Korean American Identity
In the history of mankind, massive migration of people have played and continue to play an important and multifaceted role. Immigration is one of the forms of adaptation of people to the changing conditions of life. The process of adaptation of numerous groups of immigrants, arriving from countries with very diverse socio-cultural and political value and traditions, is always difficult. As for the Korean society in the United States, it is a diverse and complex composition of the ethnic community. Korean community in the United States is the result of very recent emigration, which has not been completed yet. As American Koreans are more recent immigrants, it is very difficult for them to assimilate and find their identity. Some of them try not to lose their Korean identity, traditions, customs, and keep their culture. However, many of them, especially those, who were born in the USA, want to identify themselves as part of the American nation, trying to become full citizens of the United States and the so-called “native speakers”, not the “false speakers” of English. Unfortunately, some fail this attempt. In this paper, Chang-Rae Lee's novel Native Speaker is used to explore the problems with adaptation and the crisis of Korean American identity, as well as the effects of bilingualism and bicultural identity on the Korean immigrants in the USA.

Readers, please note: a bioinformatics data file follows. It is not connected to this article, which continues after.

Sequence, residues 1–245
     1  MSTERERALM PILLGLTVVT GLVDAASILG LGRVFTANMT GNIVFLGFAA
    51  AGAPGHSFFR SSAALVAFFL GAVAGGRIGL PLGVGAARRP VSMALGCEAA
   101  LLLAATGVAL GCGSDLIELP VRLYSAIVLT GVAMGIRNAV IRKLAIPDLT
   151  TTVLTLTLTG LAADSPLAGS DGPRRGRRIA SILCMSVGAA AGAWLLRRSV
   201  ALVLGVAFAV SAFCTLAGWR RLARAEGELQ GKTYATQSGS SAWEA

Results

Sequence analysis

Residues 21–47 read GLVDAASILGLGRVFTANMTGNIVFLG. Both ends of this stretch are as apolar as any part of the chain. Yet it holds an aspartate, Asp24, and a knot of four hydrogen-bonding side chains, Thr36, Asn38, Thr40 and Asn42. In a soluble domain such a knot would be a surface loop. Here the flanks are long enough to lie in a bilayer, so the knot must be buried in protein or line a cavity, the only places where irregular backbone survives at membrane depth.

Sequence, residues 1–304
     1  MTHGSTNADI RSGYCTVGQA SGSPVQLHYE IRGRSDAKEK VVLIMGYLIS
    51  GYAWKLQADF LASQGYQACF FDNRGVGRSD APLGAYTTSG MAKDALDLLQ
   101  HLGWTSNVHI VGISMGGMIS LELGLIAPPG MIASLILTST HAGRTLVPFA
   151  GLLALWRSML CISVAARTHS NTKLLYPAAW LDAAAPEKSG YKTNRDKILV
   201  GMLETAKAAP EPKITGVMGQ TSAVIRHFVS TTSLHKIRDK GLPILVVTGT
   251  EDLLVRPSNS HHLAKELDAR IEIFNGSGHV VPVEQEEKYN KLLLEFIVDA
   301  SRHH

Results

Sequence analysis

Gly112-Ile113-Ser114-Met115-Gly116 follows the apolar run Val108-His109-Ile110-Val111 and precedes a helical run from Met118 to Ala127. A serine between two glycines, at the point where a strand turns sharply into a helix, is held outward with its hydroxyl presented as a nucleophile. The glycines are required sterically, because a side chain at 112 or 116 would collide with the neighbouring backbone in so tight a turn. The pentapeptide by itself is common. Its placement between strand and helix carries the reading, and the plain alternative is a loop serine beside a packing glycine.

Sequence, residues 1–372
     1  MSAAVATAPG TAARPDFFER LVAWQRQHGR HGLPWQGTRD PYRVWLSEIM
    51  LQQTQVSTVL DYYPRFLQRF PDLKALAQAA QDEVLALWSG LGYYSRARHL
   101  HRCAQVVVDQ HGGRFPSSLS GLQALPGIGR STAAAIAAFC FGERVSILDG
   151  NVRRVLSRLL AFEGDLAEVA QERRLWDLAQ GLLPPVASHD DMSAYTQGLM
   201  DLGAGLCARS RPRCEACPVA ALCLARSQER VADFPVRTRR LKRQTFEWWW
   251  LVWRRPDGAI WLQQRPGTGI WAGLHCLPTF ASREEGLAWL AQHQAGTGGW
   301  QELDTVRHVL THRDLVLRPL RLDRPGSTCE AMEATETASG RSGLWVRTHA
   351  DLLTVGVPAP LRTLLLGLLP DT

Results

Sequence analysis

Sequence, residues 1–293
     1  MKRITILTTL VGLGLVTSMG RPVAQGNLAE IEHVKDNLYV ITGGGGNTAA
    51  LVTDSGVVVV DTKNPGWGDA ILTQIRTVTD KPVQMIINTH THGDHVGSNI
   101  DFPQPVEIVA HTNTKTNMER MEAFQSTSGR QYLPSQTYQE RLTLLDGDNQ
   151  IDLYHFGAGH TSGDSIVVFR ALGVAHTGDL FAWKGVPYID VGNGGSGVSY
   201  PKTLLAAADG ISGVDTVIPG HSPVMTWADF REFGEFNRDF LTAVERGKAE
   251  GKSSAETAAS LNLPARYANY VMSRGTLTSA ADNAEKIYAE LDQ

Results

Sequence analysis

The Crisis of Korean American Identity
Modern American researchers do not use the term "American nation", "nation of the United States", and talk about contemporary American society, which is characterized by ethnic, racial, and cultural diversity; they prefer to use the terms such as "assimilation", "integration", and "adaptation", stressing on the phased, multi-level, and multi-faceted nature of the formation of American identity. Every immigrant's adaptation process has several stages: excitement, frustration, cultural shock, optimism, and adaptation. The immigrants need to find their way of adaptation. First way can occur through assimilation, when people are completely immersed into a foreign environment, retreating from their own cultural, social, and linguistic roots. In this case, immigrants lose their original identity. Second way is separation, which can be seen on the example of diaspora or ethnic groups. Coming into the country, immigrant workers keep their traditions and national identity; they do not try to integrate into the culture that surrounds them. In addition to separation and assimilation, there is a third way of adaptation, called marginalization. This is both rejection of foreign and reluctance to keep native culture; it usually leads to the criminalization of community and the degradation of the individual. The fourth and the best way of adaptation is integration. It assumes that people, keeping their culture, try to integrate into the culture and language of the host country. The adaptation of migrants to new cultural environment though suggests changes in their values and norms do not require them to change of identity. They have adapted to the new environment and are involved in the life of the host country to the same extent as the majority of the local population. The only significant factor of the cultural properties in this regard is language skills. It is assumed that, as long as the individual has managed to successfully blend into the labor market, the person has the necessary language competence.